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Five Lessons from The New York Times' "Heart Tests at Hospital Went Unread"

Five Lessons from The New York Times' "Heart Tests at Hospital Went Unread"

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Have you ever gone in for an oil change and left with the suspicion that the mechanics didn't do anything beyond opening your hood?

Anemona Hartocollis at The New York Times has exposed this same type of behavior in a much more critical venue: a local hospital. She wrote:

Nearly 4,000 tests for heart disease performed over the last three years at Harlem Hospital Center - more than half of all such tests performed - were never read by doctors charged with making a diagnosis, hospital officials acknowledged Tuesday. The echocardiogram tests, a type of ultrasound used to evaluate heart muscle and valve functions, were ordered by doctors at the hospital. The tests were stored on a computer and basically forgotten, officials said.

Here are five great takeaways from her story.

1. Get to know the hospital staff. Health writers know a lot of doctors and hospital PR folks. They don't tend to know many nurses, technicians or any of the hundreds of other staff members who are the lifeblood of a hospital. Hartocollis doesn't say how she was tipped to the story, but my guess would be that she heard about an internal investigation and then worked sources within the hospital to shake something loose. Perhaps a doctor with an axe to grind could have talked about this, but chances are better that a nurse or some other staff member was concerned about all of these unread tests and couldn't keep the secret any longer.

2. Keep track of who said what when. Harlem Hospital Center did the advisable thing when Hartocollis called officials there. The hospital owned up to the problem and revealed that it had already started firing people:

The city's Health and Hospitals Corporation, which runs the public hospital system, including Harlem Hospital, and Columbia University, whose medical school supplies the cardiologists who work at Harlem Hospital Center, acknowledged the problem in a joint statement on Tuesday, after being asked about it by The New York Times.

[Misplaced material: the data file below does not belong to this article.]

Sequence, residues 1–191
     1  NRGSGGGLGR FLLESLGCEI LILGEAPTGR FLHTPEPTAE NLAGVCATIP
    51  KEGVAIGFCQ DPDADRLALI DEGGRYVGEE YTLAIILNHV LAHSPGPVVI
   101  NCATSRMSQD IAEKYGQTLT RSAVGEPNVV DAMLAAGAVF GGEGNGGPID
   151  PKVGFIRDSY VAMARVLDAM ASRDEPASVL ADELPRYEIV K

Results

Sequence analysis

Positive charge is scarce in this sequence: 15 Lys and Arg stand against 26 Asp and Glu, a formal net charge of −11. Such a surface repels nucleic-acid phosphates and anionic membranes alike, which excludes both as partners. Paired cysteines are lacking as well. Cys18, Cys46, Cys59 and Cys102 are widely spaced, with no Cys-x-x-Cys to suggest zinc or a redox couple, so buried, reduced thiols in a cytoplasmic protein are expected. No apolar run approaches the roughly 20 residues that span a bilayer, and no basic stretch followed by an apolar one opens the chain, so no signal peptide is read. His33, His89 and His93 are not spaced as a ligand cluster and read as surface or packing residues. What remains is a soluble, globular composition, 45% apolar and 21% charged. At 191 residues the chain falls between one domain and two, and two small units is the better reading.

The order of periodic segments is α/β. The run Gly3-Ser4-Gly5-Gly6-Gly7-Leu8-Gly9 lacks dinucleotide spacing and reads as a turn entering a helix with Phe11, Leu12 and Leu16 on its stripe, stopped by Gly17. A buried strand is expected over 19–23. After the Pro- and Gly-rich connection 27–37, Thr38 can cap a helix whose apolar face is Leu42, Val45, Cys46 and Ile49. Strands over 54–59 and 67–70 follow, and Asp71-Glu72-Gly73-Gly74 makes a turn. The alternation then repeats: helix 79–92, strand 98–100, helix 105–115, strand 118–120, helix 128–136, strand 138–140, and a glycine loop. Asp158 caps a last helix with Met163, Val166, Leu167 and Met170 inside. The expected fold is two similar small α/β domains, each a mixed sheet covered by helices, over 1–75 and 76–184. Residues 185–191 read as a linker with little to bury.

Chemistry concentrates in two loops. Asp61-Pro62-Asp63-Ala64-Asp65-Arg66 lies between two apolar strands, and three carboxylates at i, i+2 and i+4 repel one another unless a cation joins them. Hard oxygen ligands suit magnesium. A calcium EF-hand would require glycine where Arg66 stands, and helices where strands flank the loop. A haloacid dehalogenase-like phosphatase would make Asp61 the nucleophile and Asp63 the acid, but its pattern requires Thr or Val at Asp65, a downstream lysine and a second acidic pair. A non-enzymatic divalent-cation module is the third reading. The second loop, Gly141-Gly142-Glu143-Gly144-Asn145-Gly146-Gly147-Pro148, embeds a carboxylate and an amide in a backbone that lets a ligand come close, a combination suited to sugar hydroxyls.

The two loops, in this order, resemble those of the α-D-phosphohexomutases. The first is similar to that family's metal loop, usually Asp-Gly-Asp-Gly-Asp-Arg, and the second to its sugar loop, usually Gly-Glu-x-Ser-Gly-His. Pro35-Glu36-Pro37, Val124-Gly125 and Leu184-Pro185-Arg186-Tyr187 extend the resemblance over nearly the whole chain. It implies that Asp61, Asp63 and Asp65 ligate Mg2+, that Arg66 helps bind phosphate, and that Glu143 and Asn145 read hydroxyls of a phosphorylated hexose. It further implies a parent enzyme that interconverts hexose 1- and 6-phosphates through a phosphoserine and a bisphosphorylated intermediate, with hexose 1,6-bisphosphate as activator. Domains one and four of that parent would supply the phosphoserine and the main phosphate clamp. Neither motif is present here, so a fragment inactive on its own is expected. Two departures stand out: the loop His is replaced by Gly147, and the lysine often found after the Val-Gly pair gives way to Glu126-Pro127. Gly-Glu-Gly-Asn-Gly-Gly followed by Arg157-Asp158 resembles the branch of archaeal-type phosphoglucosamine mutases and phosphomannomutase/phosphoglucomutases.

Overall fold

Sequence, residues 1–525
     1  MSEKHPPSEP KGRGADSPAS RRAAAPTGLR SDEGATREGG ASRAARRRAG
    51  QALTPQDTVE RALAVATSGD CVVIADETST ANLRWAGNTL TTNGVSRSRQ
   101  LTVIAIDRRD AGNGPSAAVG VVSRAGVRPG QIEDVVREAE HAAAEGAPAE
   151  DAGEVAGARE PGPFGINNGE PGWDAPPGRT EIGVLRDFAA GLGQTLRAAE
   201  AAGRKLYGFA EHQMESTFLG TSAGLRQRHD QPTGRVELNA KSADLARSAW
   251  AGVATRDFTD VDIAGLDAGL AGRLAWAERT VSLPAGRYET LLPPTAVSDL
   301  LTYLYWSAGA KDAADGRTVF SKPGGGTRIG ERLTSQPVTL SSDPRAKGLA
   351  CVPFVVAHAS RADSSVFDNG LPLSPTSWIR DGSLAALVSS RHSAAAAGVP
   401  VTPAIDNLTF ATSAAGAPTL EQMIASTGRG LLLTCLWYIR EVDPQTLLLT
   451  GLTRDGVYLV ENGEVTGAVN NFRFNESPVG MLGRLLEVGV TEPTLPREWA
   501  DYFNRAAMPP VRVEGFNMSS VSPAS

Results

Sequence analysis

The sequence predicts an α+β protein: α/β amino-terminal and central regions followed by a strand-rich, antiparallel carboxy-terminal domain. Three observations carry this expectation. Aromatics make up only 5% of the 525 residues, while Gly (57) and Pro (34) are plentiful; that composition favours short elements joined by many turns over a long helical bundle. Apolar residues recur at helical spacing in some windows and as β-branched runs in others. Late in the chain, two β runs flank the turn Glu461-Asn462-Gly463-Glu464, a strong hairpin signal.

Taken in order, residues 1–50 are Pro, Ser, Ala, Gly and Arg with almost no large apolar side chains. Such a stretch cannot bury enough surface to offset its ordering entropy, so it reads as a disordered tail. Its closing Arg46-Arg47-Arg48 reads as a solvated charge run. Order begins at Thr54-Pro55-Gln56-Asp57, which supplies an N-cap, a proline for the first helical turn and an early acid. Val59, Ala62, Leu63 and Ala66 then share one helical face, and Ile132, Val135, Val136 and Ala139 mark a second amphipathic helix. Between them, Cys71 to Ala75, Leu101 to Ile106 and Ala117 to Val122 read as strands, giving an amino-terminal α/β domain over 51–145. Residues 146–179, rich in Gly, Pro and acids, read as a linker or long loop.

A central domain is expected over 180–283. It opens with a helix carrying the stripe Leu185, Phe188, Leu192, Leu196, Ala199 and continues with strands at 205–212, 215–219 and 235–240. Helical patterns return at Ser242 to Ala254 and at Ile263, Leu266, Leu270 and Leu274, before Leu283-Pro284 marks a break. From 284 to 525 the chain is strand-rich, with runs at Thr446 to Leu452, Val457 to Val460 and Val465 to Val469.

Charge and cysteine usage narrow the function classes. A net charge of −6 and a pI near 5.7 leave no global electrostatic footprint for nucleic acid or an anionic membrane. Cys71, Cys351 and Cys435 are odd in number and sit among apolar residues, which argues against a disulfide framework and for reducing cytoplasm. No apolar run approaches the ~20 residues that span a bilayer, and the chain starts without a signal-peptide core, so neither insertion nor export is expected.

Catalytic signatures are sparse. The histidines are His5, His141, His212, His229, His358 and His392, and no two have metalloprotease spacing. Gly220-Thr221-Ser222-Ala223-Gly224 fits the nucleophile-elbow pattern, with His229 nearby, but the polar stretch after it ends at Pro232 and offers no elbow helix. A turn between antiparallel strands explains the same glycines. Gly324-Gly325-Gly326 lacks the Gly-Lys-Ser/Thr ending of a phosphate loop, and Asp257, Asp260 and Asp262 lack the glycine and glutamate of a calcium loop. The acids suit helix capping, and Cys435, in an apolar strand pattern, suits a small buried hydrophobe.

It's easy for an organization to claim that they found the problem independently and had been working to solve it before you pointed it out. It's important to keep track of when specific actions were taken and whether anything was being done purely to keep the story out of the press. By chronicling the true chain of events, you shouldn't be interested in taking credit as much in making clear how the problem came to light.

3. Empower patients. I can't stress enough how important it is that every time a patient contacts you about a problem they have had that you ask them to get copies of their medical records. It's better for them to have them, and it's a road map for you should you choose to do a story.  In this case, there are now thousands of patients in New York City who have good reason to get a second opinion about their echocardiograms.

4. Don't assume the first answer is the right answer. Hartocollis followed her great piece about the heart tests Tuesday with a story Wednesday that showed how truly messy the situation has become.

New York City's public hospital system said on Wednesday that some of the thousands of heart test results that were never sent to doctors at Harlem Hospital Center since 2007 had shown signs of abnormal heart function. Hospital officials made the admission a day after acknowledging that results of 4,000 of the tests, called echocardiograms, had never been seen by doctors because of a practice of allowing technicians to read them first. On Tuesday, they said that no harm had been caused by the process because they believed that the technicians were so good at reading the tests. On Wednesday, they said their review undercut that belief.

Of course this won't be the last piece of bad news about these heart tests and there may indeed be good news. The important thing is to stay on top of the story as it develops, because you have now hooked a massive and vulnerable patient population that is awaiting truly life-or-death information.

5. Be respectful, but skeptical. This could be an example of simple bungling. And it could be something worse. Hartocollis did the right thing in asking a well-regarded cardiologist for some context:

Having 4,000 tests done and unread is unheard of, and is "unconscionable and unacceptable and malpractice as far as I'm concerned," Dr. Douglas Zipes, a cardiologist at Indiana University Medical Center, past president of the American College of Cardiology and editor of HeartRhythm, said on Wednesday. "I can't use more adjectives than that."

The next question should be, "Were patients at Harlem Hospital being given echocardiograms at a higher rate than similar hospitals?" Was this, in effect, an EKG mill aimed solely at generating reimbursements?

If you think that doctors and hospitals would never put patients at unnecessary risk from radiation for a test they didn't need, you might consider the hospital in Redding, California, where patients were operated on unnecessarily, a scam that ended up costing the doctors and the hospital's owners more than $500 million.


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